Dada was a movement flourishing around 1915 – 1925, originally in Europe, then America. Dada ridiculed traditional notions of form and beauty, abandoning traditional media such as painting and sculpture in favour of techniques like collage, photomontage and readymades. Chance was credited with a valid role in the act of creating. Dada was influential, inspiring many anti-art movements throughout the 20th century. Dada was not united by a common style, rather a rejection of conventions in art and thought, seeking through unorthodox techniques, performances and provocations to shock society into self-awareness. The name Dada demonstrates the movement’s anti-rationalism.
Reference: Ades, D. and Gale, M. (retrieved 2013). Dada Oxford Art Online
Image 1 M Janco Mouvement Dada, 1918
Image 2 F Picabia Mouvement Dada, 1919
Image 3 I Zdanevich, Le-Dantyu as a Beacon, 1923
Image 4 Cover of Zenit, 1922
Image 5 T Tzara, Cover of Dada 6, 1920
Image 6 FT Marinetti, Zang Tumb Tuum, 1914
Images From: Dada & Surrealism, by Matthew Gale, published by Phaidon Press Limited, London, 1997.
Schwitters and Typography
Researching Dada typography, Kurt Schwitters appeared prominent. I looked for more information. Following is an interpretation of an article written by D. A. Steel, appearing in the journal Word & Image.
Schwitters played two roles by experimenting with and developing typography. He was a pioneer in practice and theory with advertising design, and as an artist, reflected upon and rejected modern life by incorporating textual advertising material into his works. He created commercial advertisements, wrote experimental poetry and composed collaged posters.
Schwitters’ used discarded textual material including adverts, commercial slogans, familiar public notices, snippets of overheard speech, popular song lines and newspaper headlines in his art works. He reassembled readymade text scraps and broken, scattered fragments of street litter, junk and debris into collages, sculptures, posters, poems. He borrowed and de-functioned found, utilitarian material, and assembled textual bric-a-bracs resulting in urban pieces challenging the reader and/or viewer to reconstitute original meanings.
Schwitters believed individual objects expressed an essential quality of their own, and through juxtaposition and blending, this essence is transmuted and changed. Objects are divorced from original meaning, however a tension resides between the awareness of their origin and as an element in a new environment (collage, sculpture, poster). A pull exists between the visual surface of Schwitters’ art works and the semantics of the text’s original meanings.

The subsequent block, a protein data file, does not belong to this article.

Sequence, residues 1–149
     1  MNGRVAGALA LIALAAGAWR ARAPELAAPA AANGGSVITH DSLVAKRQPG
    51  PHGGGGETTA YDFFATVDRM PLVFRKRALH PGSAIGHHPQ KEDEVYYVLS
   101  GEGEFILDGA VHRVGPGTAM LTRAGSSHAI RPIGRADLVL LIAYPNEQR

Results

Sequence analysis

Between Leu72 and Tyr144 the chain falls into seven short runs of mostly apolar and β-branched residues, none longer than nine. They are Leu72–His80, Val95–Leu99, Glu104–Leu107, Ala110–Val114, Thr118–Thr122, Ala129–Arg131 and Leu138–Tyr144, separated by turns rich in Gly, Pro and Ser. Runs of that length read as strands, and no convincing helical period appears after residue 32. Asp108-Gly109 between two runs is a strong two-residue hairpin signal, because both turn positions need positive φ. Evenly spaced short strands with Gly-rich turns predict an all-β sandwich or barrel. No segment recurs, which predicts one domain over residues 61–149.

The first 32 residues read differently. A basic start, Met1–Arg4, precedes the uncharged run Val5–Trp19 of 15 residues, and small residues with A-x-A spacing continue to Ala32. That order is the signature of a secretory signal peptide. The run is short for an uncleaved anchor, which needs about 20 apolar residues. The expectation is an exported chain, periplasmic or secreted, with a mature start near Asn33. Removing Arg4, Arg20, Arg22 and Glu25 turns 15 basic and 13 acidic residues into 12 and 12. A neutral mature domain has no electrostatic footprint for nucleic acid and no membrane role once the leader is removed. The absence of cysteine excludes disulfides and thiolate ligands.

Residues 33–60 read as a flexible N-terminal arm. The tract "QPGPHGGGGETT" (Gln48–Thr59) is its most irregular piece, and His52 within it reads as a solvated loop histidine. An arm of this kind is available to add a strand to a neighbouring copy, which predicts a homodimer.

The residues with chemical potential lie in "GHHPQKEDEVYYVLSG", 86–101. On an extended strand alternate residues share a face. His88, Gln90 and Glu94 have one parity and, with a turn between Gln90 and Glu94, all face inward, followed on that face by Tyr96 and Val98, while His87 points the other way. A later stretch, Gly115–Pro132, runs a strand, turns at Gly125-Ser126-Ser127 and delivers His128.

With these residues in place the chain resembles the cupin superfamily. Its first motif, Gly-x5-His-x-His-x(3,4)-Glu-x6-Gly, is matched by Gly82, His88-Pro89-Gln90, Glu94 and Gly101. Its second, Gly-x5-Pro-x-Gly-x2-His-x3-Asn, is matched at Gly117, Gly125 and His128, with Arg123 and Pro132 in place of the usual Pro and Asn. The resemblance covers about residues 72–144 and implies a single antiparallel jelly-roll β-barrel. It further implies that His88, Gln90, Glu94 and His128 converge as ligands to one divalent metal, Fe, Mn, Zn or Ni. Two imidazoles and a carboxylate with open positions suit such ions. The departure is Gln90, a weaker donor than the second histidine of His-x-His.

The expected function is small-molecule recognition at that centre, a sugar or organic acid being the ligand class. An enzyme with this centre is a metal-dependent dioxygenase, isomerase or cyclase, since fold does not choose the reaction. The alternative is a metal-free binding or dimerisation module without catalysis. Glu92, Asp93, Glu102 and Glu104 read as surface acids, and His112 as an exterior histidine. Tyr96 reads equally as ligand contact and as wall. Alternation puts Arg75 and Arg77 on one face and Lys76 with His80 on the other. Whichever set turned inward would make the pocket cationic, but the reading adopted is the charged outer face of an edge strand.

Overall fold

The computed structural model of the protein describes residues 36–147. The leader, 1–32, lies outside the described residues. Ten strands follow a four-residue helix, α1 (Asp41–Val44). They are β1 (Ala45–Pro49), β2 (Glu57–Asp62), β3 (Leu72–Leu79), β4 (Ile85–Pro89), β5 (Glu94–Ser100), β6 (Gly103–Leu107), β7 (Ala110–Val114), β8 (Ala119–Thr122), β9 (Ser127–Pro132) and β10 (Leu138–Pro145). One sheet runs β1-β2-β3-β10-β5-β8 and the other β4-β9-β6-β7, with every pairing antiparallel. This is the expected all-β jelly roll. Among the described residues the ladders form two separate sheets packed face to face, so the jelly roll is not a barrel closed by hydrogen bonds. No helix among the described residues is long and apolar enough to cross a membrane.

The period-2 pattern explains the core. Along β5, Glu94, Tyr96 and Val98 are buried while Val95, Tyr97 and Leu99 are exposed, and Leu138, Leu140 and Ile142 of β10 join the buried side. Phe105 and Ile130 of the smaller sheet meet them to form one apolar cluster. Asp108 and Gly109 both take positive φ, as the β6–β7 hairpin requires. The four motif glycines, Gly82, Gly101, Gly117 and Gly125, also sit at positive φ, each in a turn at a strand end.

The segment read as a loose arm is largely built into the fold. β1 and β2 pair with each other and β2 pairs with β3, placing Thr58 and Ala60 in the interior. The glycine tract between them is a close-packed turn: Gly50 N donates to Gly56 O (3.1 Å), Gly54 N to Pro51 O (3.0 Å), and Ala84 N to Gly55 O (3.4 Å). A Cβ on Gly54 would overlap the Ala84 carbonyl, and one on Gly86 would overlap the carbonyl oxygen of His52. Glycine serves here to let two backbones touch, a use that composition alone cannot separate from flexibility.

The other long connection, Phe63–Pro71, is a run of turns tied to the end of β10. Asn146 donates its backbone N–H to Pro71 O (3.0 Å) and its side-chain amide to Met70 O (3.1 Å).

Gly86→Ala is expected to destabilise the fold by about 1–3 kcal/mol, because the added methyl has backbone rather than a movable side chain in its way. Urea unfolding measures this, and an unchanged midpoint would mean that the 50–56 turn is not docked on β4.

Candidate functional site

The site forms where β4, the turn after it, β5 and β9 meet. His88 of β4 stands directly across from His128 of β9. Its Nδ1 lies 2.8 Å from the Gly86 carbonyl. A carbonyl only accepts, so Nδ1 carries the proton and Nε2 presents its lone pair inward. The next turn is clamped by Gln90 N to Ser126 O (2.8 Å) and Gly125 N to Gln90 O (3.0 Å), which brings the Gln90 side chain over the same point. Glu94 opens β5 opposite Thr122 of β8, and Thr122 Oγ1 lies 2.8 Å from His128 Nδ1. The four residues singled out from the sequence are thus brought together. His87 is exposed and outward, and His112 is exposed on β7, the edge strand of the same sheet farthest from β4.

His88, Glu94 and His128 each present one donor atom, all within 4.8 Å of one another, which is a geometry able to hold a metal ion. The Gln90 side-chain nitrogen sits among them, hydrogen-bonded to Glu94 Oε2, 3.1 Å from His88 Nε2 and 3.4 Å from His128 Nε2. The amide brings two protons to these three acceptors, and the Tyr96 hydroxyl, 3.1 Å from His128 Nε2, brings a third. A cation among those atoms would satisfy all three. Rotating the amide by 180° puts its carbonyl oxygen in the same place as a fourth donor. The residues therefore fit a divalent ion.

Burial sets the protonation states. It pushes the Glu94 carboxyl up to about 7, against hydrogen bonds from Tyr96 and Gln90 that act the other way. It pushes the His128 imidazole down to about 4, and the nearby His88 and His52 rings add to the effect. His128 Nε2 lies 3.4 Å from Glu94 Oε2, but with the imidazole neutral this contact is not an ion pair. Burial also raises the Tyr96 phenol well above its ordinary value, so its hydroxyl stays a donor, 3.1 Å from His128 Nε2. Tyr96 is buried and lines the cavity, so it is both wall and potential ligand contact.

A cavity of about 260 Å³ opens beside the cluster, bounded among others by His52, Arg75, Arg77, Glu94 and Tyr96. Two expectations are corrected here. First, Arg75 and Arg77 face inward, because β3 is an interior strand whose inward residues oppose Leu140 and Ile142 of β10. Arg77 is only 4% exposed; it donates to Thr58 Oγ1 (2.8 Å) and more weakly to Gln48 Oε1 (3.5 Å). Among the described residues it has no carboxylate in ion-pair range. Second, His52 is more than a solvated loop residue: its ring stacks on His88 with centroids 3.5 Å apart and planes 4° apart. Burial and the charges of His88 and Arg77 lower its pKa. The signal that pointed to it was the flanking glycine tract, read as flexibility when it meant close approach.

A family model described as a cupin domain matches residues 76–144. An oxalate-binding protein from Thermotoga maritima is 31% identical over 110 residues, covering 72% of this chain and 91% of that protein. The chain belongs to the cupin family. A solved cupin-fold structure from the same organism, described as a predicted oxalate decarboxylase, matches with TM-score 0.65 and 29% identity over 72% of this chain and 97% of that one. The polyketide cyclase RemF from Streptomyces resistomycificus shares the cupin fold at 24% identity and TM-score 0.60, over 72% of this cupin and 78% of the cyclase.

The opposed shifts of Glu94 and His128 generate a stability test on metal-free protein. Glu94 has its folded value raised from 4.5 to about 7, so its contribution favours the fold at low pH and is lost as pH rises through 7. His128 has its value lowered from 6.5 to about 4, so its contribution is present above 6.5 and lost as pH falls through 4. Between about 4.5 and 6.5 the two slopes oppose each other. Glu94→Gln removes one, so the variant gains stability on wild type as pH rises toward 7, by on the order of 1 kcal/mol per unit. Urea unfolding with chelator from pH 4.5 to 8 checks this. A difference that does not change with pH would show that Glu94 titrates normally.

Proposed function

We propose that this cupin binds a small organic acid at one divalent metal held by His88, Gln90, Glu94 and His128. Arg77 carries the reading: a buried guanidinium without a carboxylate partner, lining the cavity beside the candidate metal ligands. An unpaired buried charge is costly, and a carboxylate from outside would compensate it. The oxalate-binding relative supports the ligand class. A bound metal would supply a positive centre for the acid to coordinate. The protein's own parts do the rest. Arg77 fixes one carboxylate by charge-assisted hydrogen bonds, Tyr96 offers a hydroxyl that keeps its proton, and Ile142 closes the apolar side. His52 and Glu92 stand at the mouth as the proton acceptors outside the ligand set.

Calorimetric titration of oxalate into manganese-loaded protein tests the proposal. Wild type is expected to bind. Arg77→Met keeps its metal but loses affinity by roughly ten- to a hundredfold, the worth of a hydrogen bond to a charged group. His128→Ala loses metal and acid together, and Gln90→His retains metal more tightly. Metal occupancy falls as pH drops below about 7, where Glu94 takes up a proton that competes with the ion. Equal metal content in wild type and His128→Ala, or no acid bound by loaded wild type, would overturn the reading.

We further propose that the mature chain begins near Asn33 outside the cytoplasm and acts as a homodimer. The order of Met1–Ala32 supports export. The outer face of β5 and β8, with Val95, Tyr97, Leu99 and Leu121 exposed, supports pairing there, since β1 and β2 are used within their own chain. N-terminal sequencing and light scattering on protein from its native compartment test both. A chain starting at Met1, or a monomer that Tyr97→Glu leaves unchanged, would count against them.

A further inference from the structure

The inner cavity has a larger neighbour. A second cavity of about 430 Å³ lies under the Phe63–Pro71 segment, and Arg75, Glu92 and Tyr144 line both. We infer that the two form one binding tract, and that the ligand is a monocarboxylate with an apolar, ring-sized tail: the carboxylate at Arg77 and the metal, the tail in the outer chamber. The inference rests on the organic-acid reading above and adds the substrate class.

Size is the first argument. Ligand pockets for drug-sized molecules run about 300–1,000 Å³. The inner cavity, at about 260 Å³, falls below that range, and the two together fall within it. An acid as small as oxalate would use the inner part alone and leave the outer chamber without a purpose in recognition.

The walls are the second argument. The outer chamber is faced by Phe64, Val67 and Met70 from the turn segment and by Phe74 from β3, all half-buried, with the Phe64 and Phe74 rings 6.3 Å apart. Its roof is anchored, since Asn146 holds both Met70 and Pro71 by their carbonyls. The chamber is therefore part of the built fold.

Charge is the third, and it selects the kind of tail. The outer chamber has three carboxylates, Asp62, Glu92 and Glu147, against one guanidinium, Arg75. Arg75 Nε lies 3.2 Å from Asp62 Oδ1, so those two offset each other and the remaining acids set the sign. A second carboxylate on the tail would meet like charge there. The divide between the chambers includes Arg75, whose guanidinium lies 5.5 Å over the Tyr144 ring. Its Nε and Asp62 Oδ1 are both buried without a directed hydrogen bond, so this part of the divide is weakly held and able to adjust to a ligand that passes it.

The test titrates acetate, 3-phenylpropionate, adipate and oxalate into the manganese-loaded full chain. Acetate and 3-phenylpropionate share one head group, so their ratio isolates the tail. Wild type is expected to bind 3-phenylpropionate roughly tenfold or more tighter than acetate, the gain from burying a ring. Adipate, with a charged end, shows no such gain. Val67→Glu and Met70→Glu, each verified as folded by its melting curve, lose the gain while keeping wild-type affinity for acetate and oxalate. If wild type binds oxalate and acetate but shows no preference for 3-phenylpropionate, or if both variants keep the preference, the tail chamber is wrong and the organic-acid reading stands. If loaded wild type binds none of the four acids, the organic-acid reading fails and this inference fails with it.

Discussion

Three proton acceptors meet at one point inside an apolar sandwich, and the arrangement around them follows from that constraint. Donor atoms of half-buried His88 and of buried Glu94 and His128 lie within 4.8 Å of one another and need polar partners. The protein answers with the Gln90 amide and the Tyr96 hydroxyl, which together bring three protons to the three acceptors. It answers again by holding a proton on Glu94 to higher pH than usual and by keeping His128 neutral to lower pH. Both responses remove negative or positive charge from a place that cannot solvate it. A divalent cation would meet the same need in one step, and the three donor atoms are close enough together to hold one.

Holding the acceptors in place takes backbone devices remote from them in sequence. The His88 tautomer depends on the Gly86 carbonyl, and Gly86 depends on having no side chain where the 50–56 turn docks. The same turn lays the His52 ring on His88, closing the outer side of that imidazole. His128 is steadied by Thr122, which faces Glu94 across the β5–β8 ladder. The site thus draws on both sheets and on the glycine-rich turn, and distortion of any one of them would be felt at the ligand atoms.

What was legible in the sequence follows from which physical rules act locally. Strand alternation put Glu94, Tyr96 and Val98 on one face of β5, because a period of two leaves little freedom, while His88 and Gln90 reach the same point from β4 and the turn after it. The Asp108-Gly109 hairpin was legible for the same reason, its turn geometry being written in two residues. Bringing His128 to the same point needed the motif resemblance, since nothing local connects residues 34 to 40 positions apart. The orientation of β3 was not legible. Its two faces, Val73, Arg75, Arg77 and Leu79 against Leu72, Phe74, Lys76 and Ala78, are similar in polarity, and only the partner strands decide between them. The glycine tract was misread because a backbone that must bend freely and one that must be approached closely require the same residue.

Can a commercial slogan or brand name used as an element in these collages be defused from it’s original publicity function? The original material is exploited to serve ironic purposes in Schwitters’ collages.
Through his interest in typographic composition Schwitters became involved in advertising and graphic design during the mid 1920’s. His experimental type layout was stimulated by futurist and dadaist theories. He worked with constructivist El Lissitzky, with Theo van Doesburg on ‘De Stijl’ and Jan Tschichold from the Bauhaus group, further developing his typography ideas.
In 1925 Schwitters published a pioneering brochure titled ‘Modern Typographical Design’ outlining his ideas through principles informed by commercial purposes.
His typographical principles included:
- good advertising is obtained through originality of composition
- typography is not the simple reproduction of text, rather the expression of tension and stresses of the textual meaning
- blank spaces in the page are positive typographical values, and the interrelationship of typographical values is more important then the quality of the type
- concerning type design, quality rests on simplicity (clear, plain, effective forms) and beauty (a satisfactory balance of related elements)
- typography should promote textual meaning by reinforcing the purpose for which the text is printed
He explored advertising concepts of information and persuasion, proposing an effective advert combines both in a unified, well designed whole, where text and image are mutually enhancing. He was convinced an advert is first assimilated by the senses, and subsequently by reason. He argues good design is cheaper and more effective then mass repetition (of adverts) by having visual impact in the plethora of visual images comprising a modern cityscape.
Typography played a large role in both Schwitters’ personal, creative works and his commercial designs. By tearing words to bits then sticking them together again, he created conceptual, spontaneous pieces.
Reference: D.A. Steel (1990) DADA-ADAD Kurt Schwitters, poetry, collage, typography and the advert, Word & Image: A Journal of Verbal/Visual Enquiry, 6:2, p. 198-209.
Credit: Victory (oil & collage on newspaper), Schwitters, Kurt (1887-1948) / Wilhelm-Hack-Museum, Ludwigshafen am Rhein, Germany / Giraudon / The Bridgeman Art Library
Credit: Covers of the Dada magazine ‘Merz’, edited by Kurt Schwitters, 1923 (litho), German School, (20th century) / Private Collection / The Stapleton Collection / The Bridgeman Art Library
Credit: Cover of ‘Die Kathedrale’ by Kurt Schwitters, published c.1920 (litho), Schwitters, Kurt (1887-1948) / Private Collection / The Stapleton Collection / The Bridgeman Art Library
Credit: The Red Rose, c.1933-34 (collage), Schwitters, Kurt (1887-1948) / Private Collection / The Bridgeman Art Library
Credit: Anna Blume, 1922 (rubber stamps & collage), Schwitters, Kurt (1887-1948) / Private Collection / Mayor Gallery, London / The Bridgeman Art Library